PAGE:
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Fighting for my life: The largest battle I ever won

Posted by on Aug 17, 2010 in Blog, health, theory | No Comments

I’ve been doing a lot of soul searching recently, and coding.  Trying to remember why I decided to learn how to program.  It was always for journalism.  Never transitioning out of the profession, only transitioning within it, and helping it to transition.

I’ve been paying rapt attention to the journey of designer/journalist Chris Courtney.  He’s fighting a battle bigger than the ones we fight against agencies refusing to hand over document, journalists stuck in an old mindset, people too bored by media to become informed.  He’s fighting cancer.

We don’t know each other, Chris, but I’ve followed your work, and I’ve been meaning to introduce myself.  I can’t help but feel connected to you, though.  Reading your thoughts reminds me of my own similar journey. And having spent the day arguing with Javascript functions, and wanting to punch them in their metaphorical faces, it’s easy to forget there was a time when I had much bigger issues.  Life-threatening illnesses have a way of clarifying things.

Reading Chris’ thoughts reminds me of a time in my own life I don’t talk much about, but I don’t avoid it either.  Back in 2002, I was diagnosed with IgA Nephropathy, an illness that caused my immune system to attack my kidneys as if they were foreign, resulting in kidney failure, and ultimately a transplant in 2006, which I received from my dear aunt Karen Kwan.  More background on this in a Medill article I wrote when I returned to UIC as a journalist: This time, it’s not my kidney

For too many days to count, it was the focus of my life.  Tends to happen when you don’t have the energy to move, or even write.  And you wouldn’t know it now, other than the fact that the experience forces me to examine each day and ask myself what I did with the gift of life.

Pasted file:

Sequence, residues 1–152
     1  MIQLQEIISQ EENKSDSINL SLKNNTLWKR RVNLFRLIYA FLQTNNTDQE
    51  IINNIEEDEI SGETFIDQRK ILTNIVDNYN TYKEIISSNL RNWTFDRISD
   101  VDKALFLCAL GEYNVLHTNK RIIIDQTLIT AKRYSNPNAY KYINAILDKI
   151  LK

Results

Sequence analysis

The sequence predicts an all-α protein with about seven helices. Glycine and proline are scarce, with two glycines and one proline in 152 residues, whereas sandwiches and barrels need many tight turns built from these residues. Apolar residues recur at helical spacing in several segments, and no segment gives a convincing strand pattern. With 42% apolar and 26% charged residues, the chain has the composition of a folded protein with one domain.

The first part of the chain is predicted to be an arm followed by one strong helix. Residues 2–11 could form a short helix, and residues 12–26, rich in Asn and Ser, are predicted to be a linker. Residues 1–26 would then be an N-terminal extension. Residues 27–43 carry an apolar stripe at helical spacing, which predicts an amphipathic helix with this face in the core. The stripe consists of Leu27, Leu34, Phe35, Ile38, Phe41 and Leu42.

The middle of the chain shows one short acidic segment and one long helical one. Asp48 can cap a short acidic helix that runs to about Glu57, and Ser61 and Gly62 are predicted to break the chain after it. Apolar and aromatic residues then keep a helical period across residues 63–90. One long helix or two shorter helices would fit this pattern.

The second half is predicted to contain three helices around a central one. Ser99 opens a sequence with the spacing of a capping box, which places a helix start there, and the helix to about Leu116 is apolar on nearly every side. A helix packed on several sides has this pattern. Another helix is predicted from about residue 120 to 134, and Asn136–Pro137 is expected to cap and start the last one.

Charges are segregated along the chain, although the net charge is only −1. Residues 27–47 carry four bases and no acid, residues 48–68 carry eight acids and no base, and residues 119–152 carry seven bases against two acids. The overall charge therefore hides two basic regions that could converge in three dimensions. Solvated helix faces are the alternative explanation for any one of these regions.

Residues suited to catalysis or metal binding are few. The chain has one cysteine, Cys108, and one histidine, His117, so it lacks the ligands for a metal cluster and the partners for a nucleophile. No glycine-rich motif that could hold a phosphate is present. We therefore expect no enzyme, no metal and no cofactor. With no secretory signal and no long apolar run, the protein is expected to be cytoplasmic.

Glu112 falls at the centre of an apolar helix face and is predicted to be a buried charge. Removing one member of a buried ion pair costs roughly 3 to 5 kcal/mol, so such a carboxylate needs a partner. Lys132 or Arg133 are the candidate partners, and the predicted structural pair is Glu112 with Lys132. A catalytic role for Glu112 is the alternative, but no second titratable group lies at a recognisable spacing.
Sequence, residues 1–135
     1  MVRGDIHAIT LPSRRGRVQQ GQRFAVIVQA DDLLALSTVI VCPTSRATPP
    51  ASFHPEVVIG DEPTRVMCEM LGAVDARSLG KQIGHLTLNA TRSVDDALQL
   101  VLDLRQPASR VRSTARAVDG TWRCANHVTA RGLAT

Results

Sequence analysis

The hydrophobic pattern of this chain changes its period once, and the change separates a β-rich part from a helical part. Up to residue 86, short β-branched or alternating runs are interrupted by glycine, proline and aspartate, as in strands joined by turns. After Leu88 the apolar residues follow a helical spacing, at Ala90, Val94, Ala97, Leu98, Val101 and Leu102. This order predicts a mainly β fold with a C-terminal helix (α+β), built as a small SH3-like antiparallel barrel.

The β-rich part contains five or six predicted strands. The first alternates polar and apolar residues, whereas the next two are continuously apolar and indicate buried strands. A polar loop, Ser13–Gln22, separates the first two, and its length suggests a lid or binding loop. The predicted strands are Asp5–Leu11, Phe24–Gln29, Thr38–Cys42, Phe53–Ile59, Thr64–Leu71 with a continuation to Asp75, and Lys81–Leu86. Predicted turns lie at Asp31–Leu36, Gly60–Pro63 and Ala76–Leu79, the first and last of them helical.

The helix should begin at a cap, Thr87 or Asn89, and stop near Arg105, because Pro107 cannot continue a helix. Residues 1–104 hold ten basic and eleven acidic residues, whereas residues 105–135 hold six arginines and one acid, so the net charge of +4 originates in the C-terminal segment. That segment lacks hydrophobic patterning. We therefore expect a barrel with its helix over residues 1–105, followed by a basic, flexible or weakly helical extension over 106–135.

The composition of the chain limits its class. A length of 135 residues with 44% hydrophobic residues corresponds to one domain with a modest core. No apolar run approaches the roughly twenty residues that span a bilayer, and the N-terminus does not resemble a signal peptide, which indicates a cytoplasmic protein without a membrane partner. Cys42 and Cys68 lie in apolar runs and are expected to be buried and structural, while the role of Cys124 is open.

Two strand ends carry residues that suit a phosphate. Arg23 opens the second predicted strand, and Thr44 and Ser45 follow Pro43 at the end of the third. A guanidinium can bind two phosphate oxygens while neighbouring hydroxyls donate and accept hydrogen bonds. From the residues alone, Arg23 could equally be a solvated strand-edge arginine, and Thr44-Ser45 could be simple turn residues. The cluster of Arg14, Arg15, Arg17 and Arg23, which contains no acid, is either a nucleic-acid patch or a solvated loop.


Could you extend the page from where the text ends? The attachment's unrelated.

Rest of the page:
I suppose this is a letter to Chris more than anything. I’m heartened to see your positive attitude.  I believe that’s what enables people to get through situations like this.  Also key — a great network of support from friends and family.  Don’t be afraid to come to them for anything you might need, help making a meal, advice, or what I found most helpful — a friendly ear ready to listen.

I applauded out loud when I read your dismissal of flowery get-well cards that could just as easily be expressing thoughts of sympathy.  I mean, come on, I tell my editor when I don’t agree with him, I argue with sources all the time.  And the stories my parents can tell you about when I was a teenager, okay, yesterday.  So, kidney failure, cancer, whatever you are.  You think you can scare me?  Hit me with your best shot.

These sorts of illnesses have a way of giving you life clarity.  Chris explains that the only thing > than cancer is death.  But “My team losing < Cancer.”  Absolutely true. I find this to be a double-edged sword.  I value everything in life a lot more.  I care a little bit, no, a lot, less that your boyfriend broke up with you.  Because, you see, I could respond to it all saying “Try living with kidney failure.  Do you like how you have the strength to stand? That’s not a guarantee.”  Looking at life that way gets quite tiring, though.  But ultimately it’s another feather, and a big one, in your cap of life experience.